The education watchdog, OFSTED, found that temporary supply teachers teach a higher proportion of unsatisfactory or poor lessons than permanent teachers. In its report, Schools’ Use of Temporary Teachers, it reveals that two-thirds of secondary and one-third of primary schools rely on agency and other temporary teachers whose effectiveness is in doubt. The number of temporary teachers has increased over recent years to about four and a half per cent of the teaching force.Inspectors found that the quality of some pupils’ work had declined in approximately half of the secondary schools surveyed as a result of being taught by temporary teachers for a significant period of time. Impact on behaviour was also significant. In just over half of the secondary schools,and about one quarter of the primary schools, pupils’ attitudes to their work and behaviour were of a lower standard to those in lessons taught by permanent teachers.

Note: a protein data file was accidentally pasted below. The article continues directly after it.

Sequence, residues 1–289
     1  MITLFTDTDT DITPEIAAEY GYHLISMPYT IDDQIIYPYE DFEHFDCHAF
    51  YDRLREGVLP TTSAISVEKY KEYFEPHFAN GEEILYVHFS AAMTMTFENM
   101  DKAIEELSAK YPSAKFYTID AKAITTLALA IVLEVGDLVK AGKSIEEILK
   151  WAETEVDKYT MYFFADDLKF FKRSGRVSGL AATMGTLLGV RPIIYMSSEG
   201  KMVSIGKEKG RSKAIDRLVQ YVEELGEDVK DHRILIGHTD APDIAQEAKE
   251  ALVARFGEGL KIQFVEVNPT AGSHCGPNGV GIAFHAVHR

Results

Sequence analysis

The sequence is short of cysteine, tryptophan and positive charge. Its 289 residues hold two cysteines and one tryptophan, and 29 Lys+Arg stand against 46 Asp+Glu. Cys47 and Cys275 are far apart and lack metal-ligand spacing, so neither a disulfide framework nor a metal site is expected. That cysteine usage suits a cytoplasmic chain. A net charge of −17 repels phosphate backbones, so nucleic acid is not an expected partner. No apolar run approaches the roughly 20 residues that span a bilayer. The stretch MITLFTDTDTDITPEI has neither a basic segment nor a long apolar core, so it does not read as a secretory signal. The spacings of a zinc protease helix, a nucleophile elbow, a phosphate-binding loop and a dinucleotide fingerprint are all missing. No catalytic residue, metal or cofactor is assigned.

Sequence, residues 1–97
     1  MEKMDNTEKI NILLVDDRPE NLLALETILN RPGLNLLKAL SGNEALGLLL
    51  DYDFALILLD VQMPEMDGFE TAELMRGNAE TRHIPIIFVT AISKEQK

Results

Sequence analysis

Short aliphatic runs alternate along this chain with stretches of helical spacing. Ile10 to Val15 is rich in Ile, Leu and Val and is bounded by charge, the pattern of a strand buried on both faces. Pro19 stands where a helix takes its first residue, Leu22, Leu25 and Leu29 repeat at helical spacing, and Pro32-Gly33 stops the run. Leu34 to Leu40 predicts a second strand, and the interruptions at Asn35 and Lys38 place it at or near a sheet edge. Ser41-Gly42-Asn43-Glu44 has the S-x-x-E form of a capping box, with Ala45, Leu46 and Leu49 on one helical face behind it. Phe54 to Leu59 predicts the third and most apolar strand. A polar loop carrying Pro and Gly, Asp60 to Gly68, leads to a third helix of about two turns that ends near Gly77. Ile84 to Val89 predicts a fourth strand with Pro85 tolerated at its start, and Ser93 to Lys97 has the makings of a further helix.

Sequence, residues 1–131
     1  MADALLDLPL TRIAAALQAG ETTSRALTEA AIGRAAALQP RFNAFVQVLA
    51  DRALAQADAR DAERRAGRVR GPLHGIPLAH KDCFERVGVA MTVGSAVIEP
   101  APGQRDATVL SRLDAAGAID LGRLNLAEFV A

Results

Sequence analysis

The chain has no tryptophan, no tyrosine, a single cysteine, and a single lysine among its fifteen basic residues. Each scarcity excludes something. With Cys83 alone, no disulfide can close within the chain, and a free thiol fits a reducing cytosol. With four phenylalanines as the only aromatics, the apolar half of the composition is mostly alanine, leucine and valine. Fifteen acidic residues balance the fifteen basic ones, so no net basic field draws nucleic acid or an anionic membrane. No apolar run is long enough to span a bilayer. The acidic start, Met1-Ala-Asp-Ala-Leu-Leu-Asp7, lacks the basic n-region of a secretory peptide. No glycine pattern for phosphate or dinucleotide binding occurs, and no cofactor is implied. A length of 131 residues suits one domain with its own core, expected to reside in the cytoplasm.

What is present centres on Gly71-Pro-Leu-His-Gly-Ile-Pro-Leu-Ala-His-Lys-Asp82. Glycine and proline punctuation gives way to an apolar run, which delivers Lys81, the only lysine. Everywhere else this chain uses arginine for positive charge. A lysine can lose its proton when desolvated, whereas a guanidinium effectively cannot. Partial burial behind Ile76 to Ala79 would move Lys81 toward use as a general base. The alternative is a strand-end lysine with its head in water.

Reasons for the poor quality of temporary teaching include unfamiliarity with schools and pupils, a requirement to teach age groups and subjects for which they have not been trained and a failure to understand the National Curriculum and the Literacy and Numeracy Strategies. Schools make the situation worse with poor briefing on teaching programmes.
OFSTED wants schools to give better briefing for temporary teachers and to provide the guidance and support of a senior mentor especially in relation to managing classes and maintaining disciplin